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Re: Elevator Trim Tab



At 04:14  98-06-30 -0500, you wrote:
>Could some of you aero types tell me if this is a bad idea?
>
>Please see:
>www.awpi.com/michalk/pics/eletrim.gif
>
>I'm thinking about cutting out a small notch at the trailing
>edge of the elevator.  In this notch will be epoxied an elevator
>hinge.  The trailing edge of the hinge will have sort of a bellcrank
>that is attached via a lightweight rod to a servo that is also
>embedded in the elevator.
>
>I know I'll have to rebalance the elevators to make this work.
>What sort of flutter problems would one have if the linkage
>connecting had some lash?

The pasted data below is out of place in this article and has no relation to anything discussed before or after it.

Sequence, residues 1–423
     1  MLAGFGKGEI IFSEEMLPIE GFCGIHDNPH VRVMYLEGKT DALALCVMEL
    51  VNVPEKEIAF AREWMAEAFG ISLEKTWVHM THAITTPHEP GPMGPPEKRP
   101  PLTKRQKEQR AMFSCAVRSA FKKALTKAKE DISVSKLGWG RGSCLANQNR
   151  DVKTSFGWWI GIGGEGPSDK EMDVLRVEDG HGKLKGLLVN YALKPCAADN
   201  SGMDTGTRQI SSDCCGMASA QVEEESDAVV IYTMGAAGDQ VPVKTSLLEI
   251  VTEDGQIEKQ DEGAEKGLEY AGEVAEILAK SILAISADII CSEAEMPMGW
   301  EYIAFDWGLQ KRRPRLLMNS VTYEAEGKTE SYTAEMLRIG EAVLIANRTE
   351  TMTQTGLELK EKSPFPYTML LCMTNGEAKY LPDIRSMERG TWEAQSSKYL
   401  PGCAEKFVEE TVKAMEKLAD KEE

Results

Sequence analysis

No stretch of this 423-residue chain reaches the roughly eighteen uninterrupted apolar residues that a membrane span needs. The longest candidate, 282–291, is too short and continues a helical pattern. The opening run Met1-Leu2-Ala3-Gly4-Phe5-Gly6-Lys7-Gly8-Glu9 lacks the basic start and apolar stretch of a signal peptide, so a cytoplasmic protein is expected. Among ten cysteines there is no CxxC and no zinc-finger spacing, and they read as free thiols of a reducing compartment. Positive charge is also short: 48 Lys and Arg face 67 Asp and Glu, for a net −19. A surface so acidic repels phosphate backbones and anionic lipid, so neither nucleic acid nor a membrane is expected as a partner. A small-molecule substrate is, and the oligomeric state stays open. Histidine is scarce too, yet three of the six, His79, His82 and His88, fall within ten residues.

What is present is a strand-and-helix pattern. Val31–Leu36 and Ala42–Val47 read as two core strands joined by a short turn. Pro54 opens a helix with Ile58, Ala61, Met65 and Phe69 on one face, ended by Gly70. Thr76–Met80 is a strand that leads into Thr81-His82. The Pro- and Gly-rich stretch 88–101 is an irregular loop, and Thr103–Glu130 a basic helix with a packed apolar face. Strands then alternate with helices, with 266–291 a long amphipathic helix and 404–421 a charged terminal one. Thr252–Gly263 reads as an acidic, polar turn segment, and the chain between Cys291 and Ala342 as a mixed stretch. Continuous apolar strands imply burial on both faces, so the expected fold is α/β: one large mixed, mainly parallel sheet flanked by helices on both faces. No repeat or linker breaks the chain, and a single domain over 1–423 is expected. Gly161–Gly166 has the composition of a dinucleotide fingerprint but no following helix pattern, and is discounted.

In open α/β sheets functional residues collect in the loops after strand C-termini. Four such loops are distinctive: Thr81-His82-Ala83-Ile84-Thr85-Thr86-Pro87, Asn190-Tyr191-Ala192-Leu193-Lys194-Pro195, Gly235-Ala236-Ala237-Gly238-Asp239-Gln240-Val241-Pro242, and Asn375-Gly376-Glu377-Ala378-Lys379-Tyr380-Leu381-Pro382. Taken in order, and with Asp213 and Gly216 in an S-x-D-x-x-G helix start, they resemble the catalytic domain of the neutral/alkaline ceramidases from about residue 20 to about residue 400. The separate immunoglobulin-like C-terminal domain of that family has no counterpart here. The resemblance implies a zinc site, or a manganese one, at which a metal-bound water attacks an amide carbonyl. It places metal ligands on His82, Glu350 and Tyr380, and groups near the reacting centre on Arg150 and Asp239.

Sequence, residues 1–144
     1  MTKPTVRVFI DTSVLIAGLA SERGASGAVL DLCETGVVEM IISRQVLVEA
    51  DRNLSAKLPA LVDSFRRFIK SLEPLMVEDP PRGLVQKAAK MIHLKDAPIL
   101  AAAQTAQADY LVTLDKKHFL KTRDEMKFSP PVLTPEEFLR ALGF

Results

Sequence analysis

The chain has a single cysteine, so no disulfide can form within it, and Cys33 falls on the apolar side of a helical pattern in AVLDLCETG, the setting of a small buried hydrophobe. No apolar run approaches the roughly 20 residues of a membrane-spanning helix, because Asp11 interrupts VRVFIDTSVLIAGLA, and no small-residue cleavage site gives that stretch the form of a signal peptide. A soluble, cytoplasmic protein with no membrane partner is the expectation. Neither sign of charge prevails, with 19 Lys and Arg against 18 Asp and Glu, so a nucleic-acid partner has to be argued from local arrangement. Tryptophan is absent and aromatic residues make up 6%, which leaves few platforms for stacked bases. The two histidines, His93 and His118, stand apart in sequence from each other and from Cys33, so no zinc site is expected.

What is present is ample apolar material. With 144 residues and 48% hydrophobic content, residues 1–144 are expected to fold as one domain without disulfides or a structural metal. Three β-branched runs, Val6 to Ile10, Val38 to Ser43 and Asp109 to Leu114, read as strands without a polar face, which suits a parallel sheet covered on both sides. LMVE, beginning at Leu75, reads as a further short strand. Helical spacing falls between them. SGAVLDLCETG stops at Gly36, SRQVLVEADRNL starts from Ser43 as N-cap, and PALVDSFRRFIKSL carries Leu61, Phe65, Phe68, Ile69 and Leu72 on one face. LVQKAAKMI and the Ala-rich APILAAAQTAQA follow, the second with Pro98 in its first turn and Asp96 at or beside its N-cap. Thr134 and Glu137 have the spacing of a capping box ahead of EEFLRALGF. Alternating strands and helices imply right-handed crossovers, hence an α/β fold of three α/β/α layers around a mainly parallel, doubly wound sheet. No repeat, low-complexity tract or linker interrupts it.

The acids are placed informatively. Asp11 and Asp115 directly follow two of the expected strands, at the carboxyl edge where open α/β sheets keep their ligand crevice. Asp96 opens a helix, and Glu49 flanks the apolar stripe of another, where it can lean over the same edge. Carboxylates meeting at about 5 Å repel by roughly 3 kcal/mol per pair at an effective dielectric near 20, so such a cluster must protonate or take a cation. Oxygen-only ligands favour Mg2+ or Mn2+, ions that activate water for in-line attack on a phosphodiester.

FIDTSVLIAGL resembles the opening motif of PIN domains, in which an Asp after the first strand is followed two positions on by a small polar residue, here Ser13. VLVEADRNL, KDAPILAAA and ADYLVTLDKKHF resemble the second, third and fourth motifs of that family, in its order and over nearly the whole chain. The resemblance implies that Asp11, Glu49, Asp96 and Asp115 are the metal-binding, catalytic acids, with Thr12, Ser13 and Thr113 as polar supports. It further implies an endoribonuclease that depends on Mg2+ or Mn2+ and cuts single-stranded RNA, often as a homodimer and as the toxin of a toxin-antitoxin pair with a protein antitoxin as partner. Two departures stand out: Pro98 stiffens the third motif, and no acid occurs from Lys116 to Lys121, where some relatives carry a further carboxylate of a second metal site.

>
>-- 
>Brian Michalk  <http://www.awpi.com/michalk>
>Life is what you make of it ... never wish you had done something.
>Aviator, experimental aircraft builder, motorcyclist, SCUBA diver
>musician, home-brewer, entrepenuer and SINGLE!

The most of cerified aircraft seems to use aerodynamic trim as the one you
want to build.
The trim mechanisms used in the Velocity only reduce the stick force.
It does not alleviate the hinge moment, that is, the loads on the elevator
torque tube do not change when you trim.
The aerodynamic trim will reduce the hinge moment besides the stick force.
You wouldn't need the heavy trim motor for the aerodynamic trim. The small
and light MAC servor motor would be enough.

The most problems would be the weight balance and the flutter as you worries.

You can embed the trim motor in the canard instead of elevator if you don't
like the weight increase of the elevator.
In this case the torque tube could be a obstacle.
















Eung Tai Kim
Aircraft Division  
Korea Aerospace Research Institute
Yoo-Sung P.O.Box 113
Taejon, 305-600, South Korea
Phone) 82-42-860-2345                  Fax) 82-42-860-2006